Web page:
Friday, 14 February 2014
Post 3: Ergonomics, Leopold's "A Sand County Almanac", and Bird Counts!!!
It seems like this blog is going to be characterized by a number of longer posts right at the beginning, mostly because there's so much to cover!
So, this weekend, starting today, Valentine's 2014, to Feb. 17th, is the Great Backyard Bird Count. This is my first bird count, but I'm particularly thrilled to participate in citizen science! The minimum participation is one 15 minute slot to gaze outside and keep track of the feathered friends visiting your yard or the small space you can see. It's great, of course, if you can recognize bird calls (I am poor at this), but not a requirement. For my first count, I saw 8 chestnut-backed chickadees, 1 female dark-eyed junco, and one female Rufous hummingbird (I think)! And now I keep looking out the window seeing who else has come by. Some of the nuthatches visited, as well as a female Anna's hummingbird. So awesome!!!
quality - phone photo!)
In my field (Environmental Studies), it would be almost impossible to avoid bumping into the name Aldo Leopold, (1887-1948). He is associated with the emergence of ecological restoration in North America, was a writer, an ecologist, and left a big legacy behind in Madison, Wisconsin. He was, as one can say, a 'man who punched above his weight.'
I had the immense good fortune of being able to go to Madison last year in October for the Society for Ecological Restoration's World Conference, where myself, my supervisor, and some of my colleagues got to meet the people that are really making the science and ideas happen in ecological restoration today. Some of these people (especially ones that I was really excited to meet) included Richard Hobbs, Lauren Hallet, Katharine Suding, James Harris, Michael Perring, and Stephen Murphy (again - he's visited UVic before).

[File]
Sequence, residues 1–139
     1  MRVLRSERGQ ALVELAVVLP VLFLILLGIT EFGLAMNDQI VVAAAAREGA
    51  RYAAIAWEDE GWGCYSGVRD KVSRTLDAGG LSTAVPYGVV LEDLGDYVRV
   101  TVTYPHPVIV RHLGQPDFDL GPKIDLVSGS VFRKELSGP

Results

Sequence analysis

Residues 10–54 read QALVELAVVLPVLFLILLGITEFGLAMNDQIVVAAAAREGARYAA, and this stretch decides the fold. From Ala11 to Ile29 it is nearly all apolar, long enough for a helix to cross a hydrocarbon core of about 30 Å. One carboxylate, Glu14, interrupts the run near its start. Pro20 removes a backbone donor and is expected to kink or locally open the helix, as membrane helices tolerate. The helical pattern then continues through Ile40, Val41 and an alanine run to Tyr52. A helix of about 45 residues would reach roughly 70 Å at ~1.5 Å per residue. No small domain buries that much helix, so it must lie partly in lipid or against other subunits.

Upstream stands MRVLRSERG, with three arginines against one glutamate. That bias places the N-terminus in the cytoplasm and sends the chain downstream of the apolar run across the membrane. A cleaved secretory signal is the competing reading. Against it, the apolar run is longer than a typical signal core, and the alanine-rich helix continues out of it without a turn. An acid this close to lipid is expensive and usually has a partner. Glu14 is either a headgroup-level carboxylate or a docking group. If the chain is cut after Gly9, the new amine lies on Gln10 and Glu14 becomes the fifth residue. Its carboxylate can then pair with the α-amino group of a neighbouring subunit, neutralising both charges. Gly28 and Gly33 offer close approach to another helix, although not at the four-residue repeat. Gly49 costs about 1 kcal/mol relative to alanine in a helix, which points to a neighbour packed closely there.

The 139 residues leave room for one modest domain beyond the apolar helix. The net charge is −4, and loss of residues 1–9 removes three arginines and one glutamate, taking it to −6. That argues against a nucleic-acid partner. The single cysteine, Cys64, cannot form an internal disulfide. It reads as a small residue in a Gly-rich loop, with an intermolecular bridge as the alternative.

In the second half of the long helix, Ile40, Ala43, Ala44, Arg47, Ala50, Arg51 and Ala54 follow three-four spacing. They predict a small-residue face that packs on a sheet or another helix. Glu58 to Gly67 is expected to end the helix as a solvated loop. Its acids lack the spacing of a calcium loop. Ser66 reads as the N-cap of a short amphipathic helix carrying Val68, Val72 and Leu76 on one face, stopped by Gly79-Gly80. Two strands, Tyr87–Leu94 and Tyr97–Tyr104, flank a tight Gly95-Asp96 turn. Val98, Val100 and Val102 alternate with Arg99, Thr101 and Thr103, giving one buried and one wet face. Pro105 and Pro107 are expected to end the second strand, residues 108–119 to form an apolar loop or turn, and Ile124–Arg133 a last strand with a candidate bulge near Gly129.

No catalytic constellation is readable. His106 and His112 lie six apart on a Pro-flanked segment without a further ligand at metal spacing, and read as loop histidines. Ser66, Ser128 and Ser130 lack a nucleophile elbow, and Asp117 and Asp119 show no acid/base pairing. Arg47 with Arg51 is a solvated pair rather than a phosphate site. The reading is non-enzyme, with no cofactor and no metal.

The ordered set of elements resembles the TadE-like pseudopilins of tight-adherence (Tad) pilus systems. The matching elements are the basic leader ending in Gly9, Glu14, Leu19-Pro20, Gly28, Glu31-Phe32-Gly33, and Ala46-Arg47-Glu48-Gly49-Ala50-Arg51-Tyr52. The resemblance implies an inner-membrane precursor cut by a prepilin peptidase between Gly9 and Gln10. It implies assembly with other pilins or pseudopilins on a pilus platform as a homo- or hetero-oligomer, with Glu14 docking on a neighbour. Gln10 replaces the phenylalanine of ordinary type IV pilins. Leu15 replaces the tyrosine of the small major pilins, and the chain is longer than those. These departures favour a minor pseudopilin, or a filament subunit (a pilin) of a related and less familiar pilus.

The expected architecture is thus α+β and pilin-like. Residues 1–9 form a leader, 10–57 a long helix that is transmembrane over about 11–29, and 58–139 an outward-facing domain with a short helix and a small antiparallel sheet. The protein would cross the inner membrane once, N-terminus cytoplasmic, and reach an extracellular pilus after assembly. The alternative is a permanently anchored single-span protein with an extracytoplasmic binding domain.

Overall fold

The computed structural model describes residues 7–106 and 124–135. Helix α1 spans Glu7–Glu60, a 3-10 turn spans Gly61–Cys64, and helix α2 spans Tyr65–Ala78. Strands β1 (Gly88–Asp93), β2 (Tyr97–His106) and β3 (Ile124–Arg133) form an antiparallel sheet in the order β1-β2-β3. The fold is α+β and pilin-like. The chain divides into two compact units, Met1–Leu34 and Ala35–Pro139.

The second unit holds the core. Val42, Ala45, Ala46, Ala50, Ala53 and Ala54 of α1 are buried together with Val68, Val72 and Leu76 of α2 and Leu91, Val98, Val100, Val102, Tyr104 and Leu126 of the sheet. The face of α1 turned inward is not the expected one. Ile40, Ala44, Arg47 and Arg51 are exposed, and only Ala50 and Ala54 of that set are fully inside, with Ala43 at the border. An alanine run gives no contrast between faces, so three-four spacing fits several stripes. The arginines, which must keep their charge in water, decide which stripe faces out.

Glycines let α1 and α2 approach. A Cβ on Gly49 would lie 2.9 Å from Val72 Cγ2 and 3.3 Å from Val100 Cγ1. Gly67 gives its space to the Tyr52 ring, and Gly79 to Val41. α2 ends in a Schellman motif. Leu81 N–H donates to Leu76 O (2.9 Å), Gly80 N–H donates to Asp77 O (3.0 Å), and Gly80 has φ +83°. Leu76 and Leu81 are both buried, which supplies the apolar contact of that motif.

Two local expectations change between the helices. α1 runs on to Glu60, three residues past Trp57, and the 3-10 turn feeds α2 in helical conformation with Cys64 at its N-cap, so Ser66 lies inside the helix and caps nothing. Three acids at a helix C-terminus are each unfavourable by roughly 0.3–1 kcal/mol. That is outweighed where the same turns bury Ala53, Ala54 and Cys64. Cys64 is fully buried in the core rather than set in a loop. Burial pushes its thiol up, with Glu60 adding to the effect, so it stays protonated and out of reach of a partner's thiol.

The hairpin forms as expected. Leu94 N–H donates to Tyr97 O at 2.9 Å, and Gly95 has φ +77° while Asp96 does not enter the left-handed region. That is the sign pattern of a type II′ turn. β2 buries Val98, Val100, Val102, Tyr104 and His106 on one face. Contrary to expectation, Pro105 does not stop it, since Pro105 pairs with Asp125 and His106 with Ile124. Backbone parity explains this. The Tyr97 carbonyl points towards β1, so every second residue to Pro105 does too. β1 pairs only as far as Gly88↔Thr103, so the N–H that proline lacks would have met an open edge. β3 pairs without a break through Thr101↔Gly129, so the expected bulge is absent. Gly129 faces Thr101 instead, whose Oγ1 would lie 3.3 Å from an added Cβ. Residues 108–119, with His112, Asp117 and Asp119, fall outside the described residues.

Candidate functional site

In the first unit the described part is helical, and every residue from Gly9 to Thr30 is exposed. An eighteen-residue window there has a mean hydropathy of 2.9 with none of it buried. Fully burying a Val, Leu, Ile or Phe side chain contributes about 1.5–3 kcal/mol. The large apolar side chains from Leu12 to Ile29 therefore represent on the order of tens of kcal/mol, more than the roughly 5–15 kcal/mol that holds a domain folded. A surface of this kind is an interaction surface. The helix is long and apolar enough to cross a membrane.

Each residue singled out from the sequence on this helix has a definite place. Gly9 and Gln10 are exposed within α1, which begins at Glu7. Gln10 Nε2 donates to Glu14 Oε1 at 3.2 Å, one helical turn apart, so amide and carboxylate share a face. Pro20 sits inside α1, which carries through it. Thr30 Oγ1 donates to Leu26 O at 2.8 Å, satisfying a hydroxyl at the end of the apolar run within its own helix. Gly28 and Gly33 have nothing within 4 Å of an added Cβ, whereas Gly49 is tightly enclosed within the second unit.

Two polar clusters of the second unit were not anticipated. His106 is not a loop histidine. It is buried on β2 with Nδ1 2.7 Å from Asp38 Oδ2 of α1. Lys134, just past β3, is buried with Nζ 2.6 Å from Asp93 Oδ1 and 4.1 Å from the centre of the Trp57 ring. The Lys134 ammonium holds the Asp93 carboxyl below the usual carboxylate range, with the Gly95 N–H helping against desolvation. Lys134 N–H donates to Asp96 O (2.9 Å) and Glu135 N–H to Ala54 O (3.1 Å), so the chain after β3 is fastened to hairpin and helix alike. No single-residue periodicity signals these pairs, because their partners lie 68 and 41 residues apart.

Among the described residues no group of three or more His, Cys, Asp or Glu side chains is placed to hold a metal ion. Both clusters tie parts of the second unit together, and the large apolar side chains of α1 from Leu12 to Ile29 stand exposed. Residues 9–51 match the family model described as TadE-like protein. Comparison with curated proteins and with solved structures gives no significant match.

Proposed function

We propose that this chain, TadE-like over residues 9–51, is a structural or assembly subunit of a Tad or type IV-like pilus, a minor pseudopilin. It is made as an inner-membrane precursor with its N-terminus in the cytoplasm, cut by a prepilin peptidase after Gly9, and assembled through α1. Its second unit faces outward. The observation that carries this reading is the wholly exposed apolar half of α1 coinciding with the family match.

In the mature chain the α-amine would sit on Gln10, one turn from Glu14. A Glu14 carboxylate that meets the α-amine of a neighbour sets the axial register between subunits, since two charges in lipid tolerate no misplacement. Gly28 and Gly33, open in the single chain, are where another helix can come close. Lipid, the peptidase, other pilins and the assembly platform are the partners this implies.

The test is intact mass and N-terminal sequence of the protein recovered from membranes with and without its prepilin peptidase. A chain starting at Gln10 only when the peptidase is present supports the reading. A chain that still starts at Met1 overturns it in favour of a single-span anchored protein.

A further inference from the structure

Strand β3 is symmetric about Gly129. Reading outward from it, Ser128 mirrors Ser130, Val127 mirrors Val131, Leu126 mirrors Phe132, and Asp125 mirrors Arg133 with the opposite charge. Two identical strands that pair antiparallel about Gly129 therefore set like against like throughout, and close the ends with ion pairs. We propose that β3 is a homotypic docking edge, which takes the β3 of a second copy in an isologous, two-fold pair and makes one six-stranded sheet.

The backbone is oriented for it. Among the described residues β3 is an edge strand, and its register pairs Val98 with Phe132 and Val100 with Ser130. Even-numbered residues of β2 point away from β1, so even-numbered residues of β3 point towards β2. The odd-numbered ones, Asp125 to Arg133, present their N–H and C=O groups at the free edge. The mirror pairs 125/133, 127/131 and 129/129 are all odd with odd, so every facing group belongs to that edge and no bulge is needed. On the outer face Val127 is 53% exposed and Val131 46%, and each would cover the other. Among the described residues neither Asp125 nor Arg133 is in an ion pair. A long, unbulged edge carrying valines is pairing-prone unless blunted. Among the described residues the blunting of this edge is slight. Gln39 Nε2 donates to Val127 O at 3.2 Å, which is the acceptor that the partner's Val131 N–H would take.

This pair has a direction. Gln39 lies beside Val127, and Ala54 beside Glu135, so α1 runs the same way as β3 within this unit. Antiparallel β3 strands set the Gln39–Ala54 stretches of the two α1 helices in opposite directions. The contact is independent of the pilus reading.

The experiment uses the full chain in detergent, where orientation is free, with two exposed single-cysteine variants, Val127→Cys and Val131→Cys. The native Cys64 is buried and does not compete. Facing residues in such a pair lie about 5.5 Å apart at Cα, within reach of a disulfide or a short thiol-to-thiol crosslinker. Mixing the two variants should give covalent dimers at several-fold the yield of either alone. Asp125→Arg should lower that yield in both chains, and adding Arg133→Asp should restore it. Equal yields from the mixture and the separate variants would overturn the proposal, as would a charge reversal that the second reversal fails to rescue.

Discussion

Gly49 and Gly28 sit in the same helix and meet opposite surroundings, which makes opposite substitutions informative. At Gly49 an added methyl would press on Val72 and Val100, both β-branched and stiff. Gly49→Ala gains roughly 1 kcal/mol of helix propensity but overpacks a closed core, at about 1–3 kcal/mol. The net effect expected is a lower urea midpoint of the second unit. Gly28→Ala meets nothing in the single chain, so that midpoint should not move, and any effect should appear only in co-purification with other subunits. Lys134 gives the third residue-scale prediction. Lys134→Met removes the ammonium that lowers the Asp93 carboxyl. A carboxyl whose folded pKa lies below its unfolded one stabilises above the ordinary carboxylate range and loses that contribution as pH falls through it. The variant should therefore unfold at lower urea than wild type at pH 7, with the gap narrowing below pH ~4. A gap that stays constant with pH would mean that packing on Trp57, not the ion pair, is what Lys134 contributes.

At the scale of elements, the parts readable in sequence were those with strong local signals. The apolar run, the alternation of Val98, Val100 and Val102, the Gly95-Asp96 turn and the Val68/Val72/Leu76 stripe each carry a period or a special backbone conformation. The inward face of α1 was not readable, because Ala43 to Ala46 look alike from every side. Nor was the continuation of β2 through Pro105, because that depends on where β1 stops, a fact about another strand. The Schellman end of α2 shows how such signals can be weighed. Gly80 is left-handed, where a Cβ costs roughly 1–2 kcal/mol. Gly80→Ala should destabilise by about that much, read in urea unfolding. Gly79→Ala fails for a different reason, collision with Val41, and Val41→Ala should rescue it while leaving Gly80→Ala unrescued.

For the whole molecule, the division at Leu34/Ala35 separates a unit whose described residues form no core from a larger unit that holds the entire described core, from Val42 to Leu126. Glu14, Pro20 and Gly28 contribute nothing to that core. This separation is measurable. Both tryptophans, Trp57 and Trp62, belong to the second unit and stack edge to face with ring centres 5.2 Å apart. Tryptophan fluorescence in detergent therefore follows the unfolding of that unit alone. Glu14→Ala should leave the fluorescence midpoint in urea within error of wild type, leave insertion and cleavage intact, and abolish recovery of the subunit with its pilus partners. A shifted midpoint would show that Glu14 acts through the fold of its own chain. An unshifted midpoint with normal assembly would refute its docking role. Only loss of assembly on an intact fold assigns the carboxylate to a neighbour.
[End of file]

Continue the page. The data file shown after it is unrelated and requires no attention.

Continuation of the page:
A field trip to the Arboretum was also spectacular - and all of this, even reminiscing, made me want to read Leopold's "A Sand County Almanac," which is a collection of his best-known writings and essays.
I've stumbled across one of his best known sayings, already, and will include the short paragraph in whole, here:
"The outstanding scientific discovery of the twentieth century is not television,
or radio, but rather the complexity of the land organism. Only those who know
the most about it can appreciate how little is known about it. The last word in
ignorance is the man who says of an animal or plant: "What good is it?" If the
land mechanism as a whole is good, then every part is good, whether we
understand it or not. If the biota, in the course of aeons, has built something
we like but do not understand, then who but a fool would discard seemingly
useless parts? To keep every cog and wheel is the first precaution of intelligent
tinkering" (pps. 176-177).
In other words, let us not destroy any part of nature, purposely or out of carelessness, simply because we do not yet understand its value or purpose in an ecosystem.
And further into the book, this paragraph, which speaks to a lot of the pain and frustration I felt especially sharply during my undergrad:
"One of the penalties of an ecological education is that one lives alone in a world
of wounds. Much of the damage inflicted on land is quite invisible to the laymen.
An ecologist must either harden his shell and make believe that the consequences
of science are none of his business, or he must be the doctor who sees the marks
of death in a community that believes itself well and does not want to be told
Today, I would change that only slightly to read "An ecologist must either harden his or her shell and make believe that the consequences of business-as-usual/capitalism are none of his business, or that he or she must be the doctor....."